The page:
Harvest Pattern, Canterbury 1936
Bulletin - The Robert McDougall Art Gallery, January/February 1984

 Noel Habgood
Exhibition Building, Melbourne
153 x 148mm
88/178:9 OF 19

 Collection of Christchurch Art Gallery Te Puna o Waiwhetu
Presented by Mrs D Smith [Dorothy Eva Smith nee Habgood]

 Noel Habgood
 Bourke Street, Melbourne on a Sunday
141 x 148mm
88/178:2 OF 19

 Collection of Christchurch Art Gallery Te Puna o Waiwhetu
Presented by Mrs D Smith [Dorothy Eva Smith nee Habgood]

  Noel Habgood
Parliament Buildings, Melbourne
153 x 144mm
88/178:4 OF 19

  Collection of Christchurch Art Gallery Te Puna o Waiwhetu
Presented by Mrs D Smith [Dorothy Eva Smith nee Habgood]


Frederick Habgood, dairyman, born circa 1850 son of James Habgood,  arrived New Zealand 1873-1876, died 22 July 1911 Innes Road, St Albans, Christchurch, buried Addington Cemetery, plot 631B, (Frederick Habgood's cousin[2] Isaac Habgood c.1850-1894, gardener/bootmaker, also lived in St Albans, Christchurch) married 31 December 1872, Wimborne-Minster, Dorset, England [3], reg. Dec 1872, Wimborne vol. 5a page 624, Mary Elizabeth Foot, died 18 July 1889 Innes Road, St Albans aged 38, buried Addington Cemetery, plot 631B.

1. Ellen Mary Habgood, born 1876, reg. 1876/8658, married 1920, reg.  1920/7667,  William Henry Evans
2. Edwin James Habgood, born 1880, reg. 1880/3157, married 1912, reg. 1912/2092, Fanny Halligan
3. William Frederick Habgood, born 28 December 1882, reg. 1883/3672, see below
4. Herbert John Habgood, born 14 April 1884, Christchurch, reg. 1884/12321, died 16 September 1956 Kakaramea, Taranaki, married circa 1932, reg. 1932/8964 Rose Wood
5. Lucy May Habgood born 1887, reg. 1887/6924,  married 1910, reg. 1910/5781 James Duff Templeton 
6. others?

3. William Frederick Habgood, (farmer at Balcairn in 1925) born 28 December 1882 New Zealand, died 29 July 1964 aged 81 years, reg 1964/38020, married 7 September 1905, reg. 1905/2757,  Nellie Barrett, born circa 1883, died 23 August 1955 aged 72 years, reg. 1955/24822, issue:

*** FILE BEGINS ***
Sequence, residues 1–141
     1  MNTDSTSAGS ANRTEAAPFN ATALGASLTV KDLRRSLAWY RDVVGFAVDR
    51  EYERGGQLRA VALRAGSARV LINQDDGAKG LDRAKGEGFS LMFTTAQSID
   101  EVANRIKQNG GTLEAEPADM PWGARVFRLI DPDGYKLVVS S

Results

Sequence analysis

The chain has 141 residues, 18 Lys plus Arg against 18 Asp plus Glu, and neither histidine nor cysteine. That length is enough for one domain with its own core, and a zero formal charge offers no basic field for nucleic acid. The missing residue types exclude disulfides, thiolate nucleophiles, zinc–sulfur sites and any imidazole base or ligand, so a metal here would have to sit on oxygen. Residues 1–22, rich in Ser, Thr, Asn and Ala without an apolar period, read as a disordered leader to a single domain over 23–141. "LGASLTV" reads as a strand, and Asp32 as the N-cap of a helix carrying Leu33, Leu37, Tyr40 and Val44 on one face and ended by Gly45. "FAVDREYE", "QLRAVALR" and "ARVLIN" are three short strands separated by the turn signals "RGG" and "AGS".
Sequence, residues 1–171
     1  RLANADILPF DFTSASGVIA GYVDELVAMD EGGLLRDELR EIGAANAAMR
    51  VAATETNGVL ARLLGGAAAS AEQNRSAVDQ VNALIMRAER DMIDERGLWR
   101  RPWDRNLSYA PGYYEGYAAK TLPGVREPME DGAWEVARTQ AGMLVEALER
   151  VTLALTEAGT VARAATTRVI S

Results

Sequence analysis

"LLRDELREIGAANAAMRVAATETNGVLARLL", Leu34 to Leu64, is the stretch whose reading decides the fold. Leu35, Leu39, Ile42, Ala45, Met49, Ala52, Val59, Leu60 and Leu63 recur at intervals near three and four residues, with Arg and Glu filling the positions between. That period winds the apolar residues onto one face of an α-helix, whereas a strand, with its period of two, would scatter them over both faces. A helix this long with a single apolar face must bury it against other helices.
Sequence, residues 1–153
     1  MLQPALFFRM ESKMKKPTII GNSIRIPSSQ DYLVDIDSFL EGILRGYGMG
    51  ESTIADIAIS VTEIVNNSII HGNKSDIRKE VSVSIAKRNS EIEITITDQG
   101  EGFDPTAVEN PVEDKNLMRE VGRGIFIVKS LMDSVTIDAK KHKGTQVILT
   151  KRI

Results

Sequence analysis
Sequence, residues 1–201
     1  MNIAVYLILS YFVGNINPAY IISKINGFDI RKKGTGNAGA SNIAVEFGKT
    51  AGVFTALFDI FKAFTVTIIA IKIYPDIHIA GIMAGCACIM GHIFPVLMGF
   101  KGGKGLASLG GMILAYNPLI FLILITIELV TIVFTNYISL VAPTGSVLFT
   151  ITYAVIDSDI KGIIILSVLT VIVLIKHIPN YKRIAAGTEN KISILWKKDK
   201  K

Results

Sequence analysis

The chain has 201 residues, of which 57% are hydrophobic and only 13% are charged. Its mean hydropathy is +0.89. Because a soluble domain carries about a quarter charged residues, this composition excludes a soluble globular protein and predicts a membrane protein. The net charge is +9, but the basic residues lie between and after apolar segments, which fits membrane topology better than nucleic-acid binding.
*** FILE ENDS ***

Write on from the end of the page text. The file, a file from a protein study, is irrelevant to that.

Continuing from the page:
3a. William Clifford Habgood, born 20 September 1906, reg. 1906/21119, died 4 April 1987 aged 80 years, reg. 1987/36077,  buried Memorial Park Cemetery, Christchurch, block 3, plot 206, married 17 October 1933, reg. 1933/7728 Mary Catherine Gertrude Peoples, born circa 1909, reg.  1909/6780 daughter of Julia Agnes Hoare and John Joseph Peoples, died 17 January 1974. 

3b. Ronald Cuthbert Habgood, born 22 February 1908, reg. 1908/3084, died 11 July 1987 aged 79 years, reg.  1987/45897. 

3c. Dorothy Eva Habgood, born 14 August 1909, reg. 1909/10747,  died 17 October 2005 aged 96 years, reg. 2005/25098,  married 27 May 1930, reg. 1930/3322, Leonard Ernest Smith.

3d. Noel Habgood, born 1 March 1911, New Zealand, reg. 1911/11022, died 21 August 1975, possibly in Eastbourne, England aged 66 years, reg. July-September 1975, vol. 18 page 708 Eastbourne, England.

3e. Patricia Habgood born 16 December 1921, died 26 April 1905 aged 83 years, reg. 2005/10174, married Dick Harley Pachnatz, born 10 August 1921, Oxford Hospital [4], Canterbury, New Zealand, son of Frederick William Pachnatz and Catherine Maria Stubbs [5], died 2000 aged 78 years, Christchurch reg.  2000/7827  

[1] The British Journal of Photography, Volume 116 page 1030.